Mugabe Plans to Rule Until Age of 100
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Mugabe Plans to Rule Until Age of 100
Reversing a vow to step down by 2008 and rejecting fraud charges in recent vote, he warns Zimbabwe's opposition against staging protests.

LA Times | April 3, 2005
By Robyn Dixon

HARARE, Zimbabwe — A triumphant President Robert Mugabe, whose ruling party won parliamentary elections condemned by Western powers as unfair, declared Saturday that he would stay in power until he was 100.

Flanked by two stuffed lions that looked a bit moth-eaten about the ears, Zimbabwe's 81-year-old president greeted international journalists at a news conference with the words "Are you afraid?"

He warned of serious violence and a tough response if the opposition took to the streets.

After 25 years in power, Mugabe answered a question on retirement plans by mapping out 19 more years at the helm, unless he dies in office.

He had earlier promised to step down by 2008.

Mugabe's ZANU-PF party took 78 seats in the 150-seat parliament, leaving 41 seats for the opposition Movement for Democratic Change and one independent. The remaining 30 seats are appointed by Mugabe.

The result gave the ruling party the two-thirds majority it needed to change the constitution and tighten its grip on power. After speculation that the majority would be used to choose his successor without elections, Mugabe said Saturday, "There's no need for any succession at the moment."

U.S. and European monitors were prohibited from observing the elections. Only those from friendly nations such as South Africa were invited. On Saturday, the South African observer mission said it believed the vote reflected the will of the people, dismissing the objections of the MDC that the election was stolen.

"I don't believe any sane person will come and endorse this kind of election," MDC leader Morgan Tsvangirai said after releasing a long list of allegations of unfairness: a high percentage of voters turned away from the polls, suspect voter rolls, repressive legislation to prevent opposition activities until late in the campaign and a use of government food distribution to intimidate people facing severe shortages into voting ZANU-PF.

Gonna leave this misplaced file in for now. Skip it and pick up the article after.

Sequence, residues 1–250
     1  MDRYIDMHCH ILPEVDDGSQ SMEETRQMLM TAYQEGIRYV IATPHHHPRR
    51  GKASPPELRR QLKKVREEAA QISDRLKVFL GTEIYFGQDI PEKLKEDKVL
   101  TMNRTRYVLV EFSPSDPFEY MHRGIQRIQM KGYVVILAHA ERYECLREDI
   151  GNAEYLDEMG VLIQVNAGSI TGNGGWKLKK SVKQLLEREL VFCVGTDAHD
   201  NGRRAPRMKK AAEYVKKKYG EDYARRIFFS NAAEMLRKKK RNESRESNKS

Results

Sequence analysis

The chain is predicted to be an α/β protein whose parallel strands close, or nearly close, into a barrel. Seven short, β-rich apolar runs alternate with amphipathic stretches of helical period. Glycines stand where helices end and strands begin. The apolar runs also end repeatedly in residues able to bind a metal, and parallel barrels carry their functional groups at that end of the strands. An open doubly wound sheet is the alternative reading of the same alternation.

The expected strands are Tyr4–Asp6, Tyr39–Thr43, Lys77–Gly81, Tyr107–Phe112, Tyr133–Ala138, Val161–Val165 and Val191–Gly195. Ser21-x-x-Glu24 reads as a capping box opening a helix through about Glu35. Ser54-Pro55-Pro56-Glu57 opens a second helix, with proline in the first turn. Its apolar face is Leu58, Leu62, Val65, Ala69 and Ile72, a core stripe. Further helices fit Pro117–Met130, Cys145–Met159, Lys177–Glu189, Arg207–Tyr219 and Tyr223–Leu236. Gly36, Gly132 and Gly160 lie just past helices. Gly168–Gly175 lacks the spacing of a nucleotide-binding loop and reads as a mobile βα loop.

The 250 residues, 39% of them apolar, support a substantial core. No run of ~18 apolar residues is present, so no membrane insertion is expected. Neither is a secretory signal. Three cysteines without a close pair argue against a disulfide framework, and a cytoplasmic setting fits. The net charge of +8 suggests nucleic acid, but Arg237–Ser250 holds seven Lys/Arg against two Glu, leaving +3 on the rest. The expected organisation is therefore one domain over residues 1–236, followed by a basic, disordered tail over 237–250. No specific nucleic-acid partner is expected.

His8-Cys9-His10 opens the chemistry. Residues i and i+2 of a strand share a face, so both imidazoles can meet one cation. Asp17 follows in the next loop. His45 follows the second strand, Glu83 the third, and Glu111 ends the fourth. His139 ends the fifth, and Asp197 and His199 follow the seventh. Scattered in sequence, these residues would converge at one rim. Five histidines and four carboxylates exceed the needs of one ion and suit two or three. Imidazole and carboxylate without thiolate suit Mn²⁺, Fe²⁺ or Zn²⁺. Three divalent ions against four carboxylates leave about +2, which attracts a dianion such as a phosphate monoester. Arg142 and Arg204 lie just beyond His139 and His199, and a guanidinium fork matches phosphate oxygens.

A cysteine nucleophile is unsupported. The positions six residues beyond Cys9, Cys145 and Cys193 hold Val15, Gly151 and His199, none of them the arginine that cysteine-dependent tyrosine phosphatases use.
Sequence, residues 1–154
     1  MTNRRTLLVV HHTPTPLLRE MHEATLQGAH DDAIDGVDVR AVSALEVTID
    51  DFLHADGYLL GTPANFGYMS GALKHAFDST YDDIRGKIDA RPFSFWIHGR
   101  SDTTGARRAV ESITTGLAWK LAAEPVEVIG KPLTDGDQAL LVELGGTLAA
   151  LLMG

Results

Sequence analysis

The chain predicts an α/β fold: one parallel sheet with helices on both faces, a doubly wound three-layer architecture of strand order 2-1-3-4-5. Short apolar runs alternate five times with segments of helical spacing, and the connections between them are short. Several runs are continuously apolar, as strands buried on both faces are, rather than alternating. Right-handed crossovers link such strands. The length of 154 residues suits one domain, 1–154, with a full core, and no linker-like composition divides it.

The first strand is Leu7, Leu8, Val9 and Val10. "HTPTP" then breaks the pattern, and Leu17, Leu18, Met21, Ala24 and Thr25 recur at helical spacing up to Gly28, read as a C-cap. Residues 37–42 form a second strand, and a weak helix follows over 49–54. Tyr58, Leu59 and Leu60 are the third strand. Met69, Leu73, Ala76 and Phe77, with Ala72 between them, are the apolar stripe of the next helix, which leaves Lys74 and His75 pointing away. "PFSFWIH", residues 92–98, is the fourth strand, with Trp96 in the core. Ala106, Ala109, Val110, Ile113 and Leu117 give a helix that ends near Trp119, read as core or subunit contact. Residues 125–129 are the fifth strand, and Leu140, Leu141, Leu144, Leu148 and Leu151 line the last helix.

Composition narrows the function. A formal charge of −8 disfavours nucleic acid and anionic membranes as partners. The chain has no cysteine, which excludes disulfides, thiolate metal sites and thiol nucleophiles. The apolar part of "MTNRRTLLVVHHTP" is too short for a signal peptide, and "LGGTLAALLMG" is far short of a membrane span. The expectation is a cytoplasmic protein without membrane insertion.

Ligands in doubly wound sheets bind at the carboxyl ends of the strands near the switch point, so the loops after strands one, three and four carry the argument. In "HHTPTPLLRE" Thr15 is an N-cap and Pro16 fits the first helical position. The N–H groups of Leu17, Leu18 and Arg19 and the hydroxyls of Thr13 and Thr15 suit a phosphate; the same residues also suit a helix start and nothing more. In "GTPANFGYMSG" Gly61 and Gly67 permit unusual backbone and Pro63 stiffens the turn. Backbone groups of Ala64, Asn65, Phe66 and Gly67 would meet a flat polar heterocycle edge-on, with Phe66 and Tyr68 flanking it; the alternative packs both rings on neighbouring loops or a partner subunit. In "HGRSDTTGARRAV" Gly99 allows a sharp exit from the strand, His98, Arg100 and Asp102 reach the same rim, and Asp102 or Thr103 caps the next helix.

MDC leaflets Saturday called on Zimbabweans to pressure the government to reverse the election results, without spelling out what people should do. The move echoed the opposition's efforts Friday, when Tsvangirai called on people to come out and "defend their vote."

But Mugabe vowed to meet any mass protests with a tough response, warning that strikes were illegal and marches would not be tolerated. In the past, Mugabe's security forces have ruthlessly crushed dissent, leaving many reluctant to take to the streets for fear of being beaten or killed.

Mugabe called on the MDC to be "sporting enough to accept defeat and not look for excuses."

Asked what response he might have to peaceful civil protests, he said: "Those are not a peaceful people. History has shown us they are a very violent people. They have had demonstrations here, very violent demonstrations.

"All law and order instruments will be used to defend [against] any mass action that will be likely to lead to lawlessness in the city," Mugabe said. "We don't accept pressure at all."

He dismissed the MDC call for pressure as a move to mollify disappointed supporters.

"How can we ever reverse what the people decided?" he said.

At the end of his news conference, Mugabe told journalists they need not fear his two lions, saying, "They are very friendly lions, and they display the nature of their master."

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